After more than a year of attending church virtually, Monique Allen has struggled to explain to her asthmatic daughter why people from their congregation of The Church of Jesus Christ of Latter-day Saints don’t wear masks. Allen said she has taught her daughter that wearing a mask is Christlike, but now she worries her child feels like an outcast.
Church leaders recently issued their strongest statement yet urging people to “limit the spread” by getting COVID
and wearing masks. But Allen said she fears it’s still not enough to convince the many families in her congregation who refuse to wear masks and have succumbed to anti-vaccine
Members of the faith widely known as the Mormon church remain deeply divided on vaccines
and mask-wearing despite consistent guidance from church leaders as the highly contagious delta variant of the coronavirus
About 65% of Latter-day Saints who responded to a recent survey said they were vaccine
acceptors, meaning they’ve gotten at least one dose or plan to soon. Another 15% identified as hesitant, and 19% said they would not get the vaccine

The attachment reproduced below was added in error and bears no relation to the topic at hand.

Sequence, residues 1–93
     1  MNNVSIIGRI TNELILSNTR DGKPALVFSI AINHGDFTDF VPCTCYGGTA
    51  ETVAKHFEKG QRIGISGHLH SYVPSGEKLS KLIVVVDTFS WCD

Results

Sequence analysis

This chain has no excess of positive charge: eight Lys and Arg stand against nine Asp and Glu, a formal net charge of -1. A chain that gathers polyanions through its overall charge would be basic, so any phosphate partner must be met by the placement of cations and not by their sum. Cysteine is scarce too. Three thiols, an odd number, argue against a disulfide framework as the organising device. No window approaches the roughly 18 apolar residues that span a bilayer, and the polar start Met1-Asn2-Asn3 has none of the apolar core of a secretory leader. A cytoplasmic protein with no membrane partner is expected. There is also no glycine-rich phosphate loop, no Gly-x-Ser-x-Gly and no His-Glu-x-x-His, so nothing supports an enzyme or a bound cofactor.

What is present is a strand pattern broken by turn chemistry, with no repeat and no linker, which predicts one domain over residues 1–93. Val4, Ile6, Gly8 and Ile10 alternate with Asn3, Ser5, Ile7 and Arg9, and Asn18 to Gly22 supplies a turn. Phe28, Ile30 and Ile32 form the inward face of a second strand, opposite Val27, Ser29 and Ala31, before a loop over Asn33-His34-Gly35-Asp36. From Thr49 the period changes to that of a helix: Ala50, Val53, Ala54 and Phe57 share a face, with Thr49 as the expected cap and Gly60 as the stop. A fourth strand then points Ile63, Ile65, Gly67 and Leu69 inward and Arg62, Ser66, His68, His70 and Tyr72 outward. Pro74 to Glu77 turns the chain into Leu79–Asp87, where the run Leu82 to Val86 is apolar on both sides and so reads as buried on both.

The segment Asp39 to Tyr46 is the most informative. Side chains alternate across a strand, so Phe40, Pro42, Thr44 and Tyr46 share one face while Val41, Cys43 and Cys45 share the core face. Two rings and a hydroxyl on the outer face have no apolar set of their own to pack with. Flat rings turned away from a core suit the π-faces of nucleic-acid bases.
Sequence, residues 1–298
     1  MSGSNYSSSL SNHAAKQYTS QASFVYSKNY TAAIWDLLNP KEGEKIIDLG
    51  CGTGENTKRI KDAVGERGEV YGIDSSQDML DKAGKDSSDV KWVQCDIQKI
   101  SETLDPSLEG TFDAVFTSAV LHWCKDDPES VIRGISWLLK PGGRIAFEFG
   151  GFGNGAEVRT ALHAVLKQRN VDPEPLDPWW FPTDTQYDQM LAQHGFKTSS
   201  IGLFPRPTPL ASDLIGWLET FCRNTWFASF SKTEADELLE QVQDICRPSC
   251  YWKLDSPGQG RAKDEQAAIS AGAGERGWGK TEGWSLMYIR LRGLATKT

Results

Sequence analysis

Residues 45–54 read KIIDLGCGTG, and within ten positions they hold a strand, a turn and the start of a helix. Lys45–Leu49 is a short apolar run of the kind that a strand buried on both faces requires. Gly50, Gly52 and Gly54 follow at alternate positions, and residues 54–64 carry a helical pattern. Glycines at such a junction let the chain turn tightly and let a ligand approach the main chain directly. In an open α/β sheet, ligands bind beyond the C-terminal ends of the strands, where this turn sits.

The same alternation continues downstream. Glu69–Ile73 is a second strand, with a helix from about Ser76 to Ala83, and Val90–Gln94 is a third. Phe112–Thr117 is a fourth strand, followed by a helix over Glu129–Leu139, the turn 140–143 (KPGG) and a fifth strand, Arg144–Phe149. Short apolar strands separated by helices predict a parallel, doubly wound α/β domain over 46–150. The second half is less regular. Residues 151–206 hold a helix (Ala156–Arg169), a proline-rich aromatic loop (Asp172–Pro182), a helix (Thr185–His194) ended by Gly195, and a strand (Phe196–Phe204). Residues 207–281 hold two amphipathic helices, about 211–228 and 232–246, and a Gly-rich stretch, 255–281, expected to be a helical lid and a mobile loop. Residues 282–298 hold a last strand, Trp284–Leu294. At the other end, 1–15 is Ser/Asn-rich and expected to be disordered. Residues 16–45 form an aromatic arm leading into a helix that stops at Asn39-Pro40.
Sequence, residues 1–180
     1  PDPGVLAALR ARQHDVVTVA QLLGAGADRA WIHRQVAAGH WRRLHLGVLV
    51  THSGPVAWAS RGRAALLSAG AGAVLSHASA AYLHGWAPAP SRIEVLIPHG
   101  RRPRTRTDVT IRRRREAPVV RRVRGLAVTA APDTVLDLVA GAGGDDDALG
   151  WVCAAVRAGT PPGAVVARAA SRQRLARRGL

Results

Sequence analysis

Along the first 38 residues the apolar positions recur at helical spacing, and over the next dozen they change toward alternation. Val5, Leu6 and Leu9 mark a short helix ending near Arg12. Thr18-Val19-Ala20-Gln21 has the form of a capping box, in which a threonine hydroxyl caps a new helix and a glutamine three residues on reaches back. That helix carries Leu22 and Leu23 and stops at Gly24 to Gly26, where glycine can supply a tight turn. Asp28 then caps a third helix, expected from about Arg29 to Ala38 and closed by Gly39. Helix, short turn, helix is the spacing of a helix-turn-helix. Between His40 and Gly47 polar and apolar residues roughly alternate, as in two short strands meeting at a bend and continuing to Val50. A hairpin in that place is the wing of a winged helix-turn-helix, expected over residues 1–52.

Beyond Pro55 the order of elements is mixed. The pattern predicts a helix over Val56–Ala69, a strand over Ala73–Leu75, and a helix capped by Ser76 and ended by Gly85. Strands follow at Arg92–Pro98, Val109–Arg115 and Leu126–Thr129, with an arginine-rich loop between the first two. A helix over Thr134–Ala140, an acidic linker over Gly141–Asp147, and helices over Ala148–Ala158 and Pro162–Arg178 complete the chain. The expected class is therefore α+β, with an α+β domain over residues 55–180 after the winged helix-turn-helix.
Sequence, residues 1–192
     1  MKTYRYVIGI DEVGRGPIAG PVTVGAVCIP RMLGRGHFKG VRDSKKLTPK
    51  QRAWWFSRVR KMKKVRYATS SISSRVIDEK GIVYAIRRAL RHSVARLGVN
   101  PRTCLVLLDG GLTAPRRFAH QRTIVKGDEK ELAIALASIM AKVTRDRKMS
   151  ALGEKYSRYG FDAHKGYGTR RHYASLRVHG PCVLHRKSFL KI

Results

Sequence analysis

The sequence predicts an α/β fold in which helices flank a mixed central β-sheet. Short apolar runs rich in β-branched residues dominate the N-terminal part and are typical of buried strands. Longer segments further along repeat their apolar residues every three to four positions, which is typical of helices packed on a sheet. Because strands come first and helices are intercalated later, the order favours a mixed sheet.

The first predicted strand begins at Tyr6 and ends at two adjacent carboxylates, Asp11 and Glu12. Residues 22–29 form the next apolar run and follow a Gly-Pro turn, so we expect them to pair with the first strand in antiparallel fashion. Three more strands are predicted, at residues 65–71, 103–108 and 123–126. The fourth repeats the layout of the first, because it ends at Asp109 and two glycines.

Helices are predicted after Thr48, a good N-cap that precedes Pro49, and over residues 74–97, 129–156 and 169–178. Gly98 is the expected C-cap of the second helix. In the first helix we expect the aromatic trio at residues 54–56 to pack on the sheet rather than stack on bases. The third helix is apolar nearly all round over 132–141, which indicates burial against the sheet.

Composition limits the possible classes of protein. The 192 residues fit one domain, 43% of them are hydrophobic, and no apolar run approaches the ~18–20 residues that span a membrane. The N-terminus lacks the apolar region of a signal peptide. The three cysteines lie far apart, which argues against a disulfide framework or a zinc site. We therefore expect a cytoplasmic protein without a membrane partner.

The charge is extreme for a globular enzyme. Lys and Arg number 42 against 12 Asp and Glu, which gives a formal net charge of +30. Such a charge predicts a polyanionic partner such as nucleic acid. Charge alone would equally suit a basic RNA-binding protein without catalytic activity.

, according to the survey this summer from the Public Religion Research Institute, a polling organization based in Washington, and Interfaith Youth Core.
The survey found 79% of white Catholics and 56% of white Evangelical Protestants identified as vaccine
Allen, a church member living in Wisconsin, is among a contingent who fear fellow members who refuse to get vaccinated are allowing their political views to supersede their loyalty to a faith that largely prioritizes unity and obedience.
The message she has shared with her 8-year-old daughter is that “of course Christ would wear a mask, of course he would get vaccinated because he’s a loving person,” she said. “And that’s the only way you can take care of people these days is doing these simple things.”
Other church members are upset that their leaders aren’t letting them exercise their own decision-making about vaccines
and masks. The Utah-based religion of 16 million members worldwide is one of many faiths grappling with how best to navigate the pandemic’s lingering effects.
Divisions on masking and vaccinations in the Latter-day Saint faith appear to be tracking along political lines, with conservative members being more hesitant, said Patrick Mason, associate professor of religion at Utah State University. Mason said the church’s divide is indicative of a larger pattern in the United States of political ideologies shaping people’s religious commitments.
“The common perception of Mormons and Mormonism is that when church leaders speak, church members listen and do what they’re told,” said Mason. “This has revealed sometimes how conditional that loyalty can be.”